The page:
Posted by: Mike Cornelius | December 9, 2021

The Winter Of Yankees Fans Discontent

Winter is coming.  If the calendar was insufficient evidence of that, the morning temperature the past few days has provided an unwelcome confirmation.  For fans of the Great Game, this time of year would normally mean regular checks of various sports websites for the latest news – or lacking that, the juiciest gossip – about free agent signings and offseason trades.  Come December, baseball fans have long relied on the sport’s aptly named hot stove as an essential tool to keep the frost at bay.  This year is profoundly different, thanks to the lockout of players instituted by MLB’s thirty billionaire owners as soon as the old collective bargaining agreement with the MLBPA expired on the first of the month.  For now, and likely right up until and very possibly past next February’s Spring Training reporting date, the hot stove has gone out.

But fans and sportswriters are both resilient and resourceful, so the mere fact that teams and players are barred from having any contact has barely diminished the familiar level of speculation and commentary in various journals and, of course, on social media.  Just as MLB’s bizarre and poorly justified scrubbing of players’ likenesses from team websites has not resulted in fans of say, the Angels, forgetting what Shohei Ohtani or Mike Trout look like, so the absence of any offseason activity worthy of a leak, much less an actual transaction, has not prevented anyone from opining on the deals that got done in the late November flurry just before the prior CBA expired, or speculating on what teams should do whenever owners and the union finally settle on terms of a new agreement.

As has been previously noted in this space, for all the clamor about free agent contracts worth a whopping $1.7 billion that were inked in November, most over the final days and even hours before the lockout began, nowhere near all thirty MLB franchises gave their fanbases much to celebrate.  Just three clubs, the Rangers, Mets, and Tigers, accounted for more than $1 billion of the spending, over sixty percent of the total.  Fans in Cincinnati, Cleveland and Oakland had nothing to talk about, and many other clubs inked only minor deals.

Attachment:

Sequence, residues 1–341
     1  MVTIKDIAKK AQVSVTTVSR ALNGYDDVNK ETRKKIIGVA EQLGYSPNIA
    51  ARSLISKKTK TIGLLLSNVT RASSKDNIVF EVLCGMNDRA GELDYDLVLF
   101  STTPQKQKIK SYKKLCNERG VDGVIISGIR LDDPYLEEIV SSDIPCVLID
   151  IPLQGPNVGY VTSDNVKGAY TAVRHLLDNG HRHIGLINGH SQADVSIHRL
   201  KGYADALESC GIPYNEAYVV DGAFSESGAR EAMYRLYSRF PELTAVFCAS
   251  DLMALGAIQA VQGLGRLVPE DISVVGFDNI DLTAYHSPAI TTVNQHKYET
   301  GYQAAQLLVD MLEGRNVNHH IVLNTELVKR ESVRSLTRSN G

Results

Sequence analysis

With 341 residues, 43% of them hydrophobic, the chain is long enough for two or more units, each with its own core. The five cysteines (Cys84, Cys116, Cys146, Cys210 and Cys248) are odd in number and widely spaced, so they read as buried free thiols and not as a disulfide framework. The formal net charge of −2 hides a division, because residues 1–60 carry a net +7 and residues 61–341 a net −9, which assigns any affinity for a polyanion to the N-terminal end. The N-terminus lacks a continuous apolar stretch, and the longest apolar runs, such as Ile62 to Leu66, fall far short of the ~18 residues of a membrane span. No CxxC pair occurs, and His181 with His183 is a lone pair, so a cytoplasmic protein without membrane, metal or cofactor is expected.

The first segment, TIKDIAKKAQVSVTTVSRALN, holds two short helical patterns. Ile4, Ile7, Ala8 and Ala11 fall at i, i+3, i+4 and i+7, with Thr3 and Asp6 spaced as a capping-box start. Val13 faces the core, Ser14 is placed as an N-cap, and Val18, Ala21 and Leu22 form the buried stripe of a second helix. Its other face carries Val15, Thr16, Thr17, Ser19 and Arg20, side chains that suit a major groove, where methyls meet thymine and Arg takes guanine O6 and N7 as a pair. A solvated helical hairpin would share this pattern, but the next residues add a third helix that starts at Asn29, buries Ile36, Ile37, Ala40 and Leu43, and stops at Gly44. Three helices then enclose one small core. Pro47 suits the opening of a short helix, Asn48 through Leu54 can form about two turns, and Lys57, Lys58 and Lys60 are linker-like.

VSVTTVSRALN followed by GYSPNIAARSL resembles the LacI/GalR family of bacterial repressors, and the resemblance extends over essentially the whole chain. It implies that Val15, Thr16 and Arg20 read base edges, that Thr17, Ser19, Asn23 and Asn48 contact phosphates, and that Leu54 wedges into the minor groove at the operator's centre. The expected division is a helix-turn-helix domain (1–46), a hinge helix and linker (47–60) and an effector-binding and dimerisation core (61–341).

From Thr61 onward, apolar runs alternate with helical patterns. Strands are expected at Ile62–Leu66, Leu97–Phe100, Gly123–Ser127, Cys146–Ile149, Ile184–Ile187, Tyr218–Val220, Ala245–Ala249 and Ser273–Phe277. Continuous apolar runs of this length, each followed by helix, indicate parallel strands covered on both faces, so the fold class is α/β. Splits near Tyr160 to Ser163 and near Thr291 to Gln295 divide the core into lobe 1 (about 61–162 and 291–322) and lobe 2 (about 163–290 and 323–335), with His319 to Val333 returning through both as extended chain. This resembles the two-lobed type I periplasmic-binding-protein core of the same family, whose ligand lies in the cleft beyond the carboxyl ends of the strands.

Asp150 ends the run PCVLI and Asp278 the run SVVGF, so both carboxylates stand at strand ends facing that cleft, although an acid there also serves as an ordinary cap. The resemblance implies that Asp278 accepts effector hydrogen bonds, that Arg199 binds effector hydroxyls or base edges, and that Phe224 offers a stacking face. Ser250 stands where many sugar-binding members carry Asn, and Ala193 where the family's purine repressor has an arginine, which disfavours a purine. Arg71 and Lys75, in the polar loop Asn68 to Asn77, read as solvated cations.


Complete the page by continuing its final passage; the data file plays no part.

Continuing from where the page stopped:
One team in that latter category was the Yankees, which was news all by itself.  After confirming the obvious, that finishing tied for second in the AL East and playing a postseason that lasted all of nine innings meant the roster needed improvement, GM Brian Cashman identified shortstop and center field as particular priorities.  But Cashman was a spectator as Starling Marte, the top free agent center fielder, signed with the Mets, and the slick fielding, left-handed hitting Dodgers shortstop Corey Seager agreed to a multi-year contract with the Rangers, signing the largest deal in that franchise’s history. 

The only pre-lockout news coming out of the Bronx was a one-year contract with reliever Joely Rodriguez.  But while that was hardly worthy of a headline, the terms of the deal spoke loudly about the franchise’s priorities under owner Hal Steinbrenner.  Rodriguez came to New York just before last summer’s trade deadline, an add-on to the trade that brought outfielder Joey Gallo to Yankee Stadium.  His existing contract had a team option for 2022 valued at $3 million.  New York first declined that, instead paying Rodriguez a $500,000 buyout.  Then the Yankees announced the new deal, which pays him $2 million for next season, meaning Cashman kept Rodriguez in the New York bullpen while saving Steinbrenner half a million dollars.